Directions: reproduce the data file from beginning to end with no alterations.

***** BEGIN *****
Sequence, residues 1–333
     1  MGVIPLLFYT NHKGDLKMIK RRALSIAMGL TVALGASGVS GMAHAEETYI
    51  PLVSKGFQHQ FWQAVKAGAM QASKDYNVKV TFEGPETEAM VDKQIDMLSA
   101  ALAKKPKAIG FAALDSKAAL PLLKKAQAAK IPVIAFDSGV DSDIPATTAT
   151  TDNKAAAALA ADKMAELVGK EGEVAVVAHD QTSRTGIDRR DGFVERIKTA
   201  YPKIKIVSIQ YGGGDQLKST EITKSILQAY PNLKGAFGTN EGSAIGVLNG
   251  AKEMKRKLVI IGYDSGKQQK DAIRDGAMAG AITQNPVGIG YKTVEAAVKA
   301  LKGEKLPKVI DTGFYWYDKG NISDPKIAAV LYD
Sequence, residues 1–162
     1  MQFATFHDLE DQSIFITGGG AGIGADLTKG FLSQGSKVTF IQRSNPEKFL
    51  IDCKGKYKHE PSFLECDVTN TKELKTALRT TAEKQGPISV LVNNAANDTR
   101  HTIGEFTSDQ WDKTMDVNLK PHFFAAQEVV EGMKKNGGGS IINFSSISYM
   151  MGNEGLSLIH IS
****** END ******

Sequence, residues 1–333
     1  MGVIPLLFYT NHKGDLKMIK RRALSIAMGL TVALGASGVS GMAHAEETYI
    51  PLVSKGFQHQ FWQAVKAGAM QASKDYNVKV TFEGPETEAM VDKQIDMLSA
   101  ALAKKPKAIG FAALDSKAAL PLLKKAQAAK IPVIAFDSGV DSDIPATTAT
   151  TDNKAAAALA ADKMAELVGK EGEVAVVAHD QTSRTGIDRR DGFVERIKTA
   201  YPKIKIVSIQ YGGGDQLKST EITKSILQAY PNLKGAFGTN EGSAIGVLNG
   251  AKEMKRKLVI IGYDSGKQQK DAIRDGAMAG AITQNPVGIG YKTVEAAVKA
   301  LKGEKLPKVI DTGFYWYDKG NISDPKIAAV LYD
Sequence, residues 1–162
     1  MQFATFHDLE DQSIFITGGG AGIGADLTKG FLSQGSKVTF IQRSNPEKFL
    51  IDCKGKYKHE PSFLECDVTN TKELKTALRT TAEKQGPISV LVNNAANDTR
   101  HTIGEFTSDQ WDKTMDVNLK PHFFAAQEVV EGMKKNGGGS IINFSSISYM
   151  MGNEGLSLIH IS